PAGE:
Valyruh’s #CBR5 Review #87: The Bartender’s Tale by Ivan Doig

Doig hits another home run! The Bartender’s Tale is a great coming-of-age story peopled with colorful characters against a backdrop filled with history, humor, and pathos.

Once again, Montana plays home to Doig’s tale, this one centered around Tom Harry, famous owner of the Medicine Lodge bar in Gros Ventre and, previously, of the Blue Eagle bar in Fort Peck which had serviced many of the 10,000 employees of the U.S. government in the 1930s brought into that tiny speck of northern Montana when the Fort Peck Dam was built under the auspices of the US Army Corps of Engineers. Tom’s first wife left not long after their son Rusty was born, and the boy spent his first six years being raised in Arizona by an aunt whose sons made life a living hell for the little boy. But then Tom reclaimed Rusty, and father and son dedicated themselves to forging a life around the bar which was the centerpiece of their existence and Gros Ventre’s last refuge, as well. Rusty’s life is happier, but still a lonely one until Zoe moves into town with her parents, and the two children become as one, sharing a total fascination with life that is as exuberant and optimistic as Doig himself.

Tom is getting ready to sell the bar and create a more normal life for himself and his son when Proxy, a former lover from the Fort Peck days, arrives on the scene with a 21-year-old daughter in tow with the same ink-black hair that Tom and Rusty share. Proxy wants Tom to teach their daughter Francine how to run the bar, and ultimately take it over, and life suddenly becomes very complicated for Tom and Rusty. Thrown into the mix is Del, a student of  “lingua Americana,” a “word catcher” from the East who latches on to Tom in hope of getting access to the many and varied characters who have flowed in and around Tom’s life and who represent the last vestiges of a dying language as Montana moves increasingly into the modern era.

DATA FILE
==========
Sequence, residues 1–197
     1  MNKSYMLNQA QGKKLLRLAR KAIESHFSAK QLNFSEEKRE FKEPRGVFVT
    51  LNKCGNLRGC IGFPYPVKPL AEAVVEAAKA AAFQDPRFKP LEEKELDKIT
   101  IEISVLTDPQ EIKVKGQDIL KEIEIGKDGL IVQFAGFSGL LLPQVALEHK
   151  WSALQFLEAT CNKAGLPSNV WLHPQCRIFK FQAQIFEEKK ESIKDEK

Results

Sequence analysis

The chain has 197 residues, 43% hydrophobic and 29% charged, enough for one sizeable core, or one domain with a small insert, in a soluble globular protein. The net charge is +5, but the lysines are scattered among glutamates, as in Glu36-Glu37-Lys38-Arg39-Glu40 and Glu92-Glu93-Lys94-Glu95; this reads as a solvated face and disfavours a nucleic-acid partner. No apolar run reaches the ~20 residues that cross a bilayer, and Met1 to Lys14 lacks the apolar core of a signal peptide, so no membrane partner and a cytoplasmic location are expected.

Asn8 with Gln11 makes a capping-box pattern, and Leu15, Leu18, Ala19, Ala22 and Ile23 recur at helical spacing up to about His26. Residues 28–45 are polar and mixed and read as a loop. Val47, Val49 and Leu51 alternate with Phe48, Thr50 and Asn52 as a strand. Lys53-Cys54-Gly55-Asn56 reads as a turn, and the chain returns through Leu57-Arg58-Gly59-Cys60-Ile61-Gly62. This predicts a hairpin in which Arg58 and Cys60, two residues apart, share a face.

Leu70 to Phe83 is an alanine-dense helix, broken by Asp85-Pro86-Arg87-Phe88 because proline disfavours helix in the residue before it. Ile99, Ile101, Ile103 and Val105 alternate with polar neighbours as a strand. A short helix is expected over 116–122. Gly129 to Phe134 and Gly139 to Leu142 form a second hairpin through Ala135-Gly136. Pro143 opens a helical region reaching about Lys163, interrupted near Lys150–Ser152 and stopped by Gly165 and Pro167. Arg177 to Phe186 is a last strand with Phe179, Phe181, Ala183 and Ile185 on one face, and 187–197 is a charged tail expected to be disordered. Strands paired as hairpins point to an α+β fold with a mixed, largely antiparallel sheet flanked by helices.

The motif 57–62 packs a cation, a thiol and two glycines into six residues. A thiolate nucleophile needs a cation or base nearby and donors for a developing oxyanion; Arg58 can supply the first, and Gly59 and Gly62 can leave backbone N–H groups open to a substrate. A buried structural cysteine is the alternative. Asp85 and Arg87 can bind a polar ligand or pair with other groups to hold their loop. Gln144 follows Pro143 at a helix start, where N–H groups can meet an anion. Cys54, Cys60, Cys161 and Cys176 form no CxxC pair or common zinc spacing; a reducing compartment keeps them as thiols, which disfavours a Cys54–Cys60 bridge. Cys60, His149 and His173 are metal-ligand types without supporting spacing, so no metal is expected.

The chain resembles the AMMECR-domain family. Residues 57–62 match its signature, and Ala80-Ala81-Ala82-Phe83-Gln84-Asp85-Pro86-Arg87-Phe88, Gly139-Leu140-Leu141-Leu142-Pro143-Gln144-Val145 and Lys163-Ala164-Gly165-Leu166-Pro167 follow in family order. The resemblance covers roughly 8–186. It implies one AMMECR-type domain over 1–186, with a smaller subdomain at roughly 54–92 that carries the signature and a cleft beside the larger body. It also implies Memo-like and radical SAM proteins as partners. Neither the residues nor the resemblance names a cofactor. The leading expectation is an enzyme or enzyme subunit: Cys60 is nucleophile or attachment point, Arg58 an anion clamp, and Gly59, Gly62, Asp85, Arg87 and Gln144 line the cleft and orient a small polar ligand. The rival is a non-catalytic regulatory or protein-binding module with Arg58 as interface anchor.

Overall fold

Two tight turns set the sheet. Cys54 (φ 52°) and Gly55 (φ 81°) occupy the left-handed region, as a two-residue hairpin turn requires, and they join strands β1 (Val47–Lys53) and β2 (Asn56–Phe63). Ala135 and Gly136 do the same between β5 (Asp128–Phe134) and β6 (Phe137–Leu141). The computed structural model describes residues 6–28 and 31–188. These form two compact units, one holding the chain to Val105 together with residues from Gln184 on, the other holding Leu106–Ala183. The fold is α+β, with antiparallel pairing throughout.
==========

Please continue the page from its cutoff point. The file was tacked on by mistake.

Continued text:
Rusty and Zoe are a bridge between those two eras, and are as endearingly clever as Paul Milliron was in Doig’s “The Whispering Season.”  The reader finds oneself yearning for the simpler days of their childhood, and yet sees them growing and changing as the century matures. The Bartender’s Tale is a thoroughly delightful novel as nostalgic for the past as it is hopeful for the future.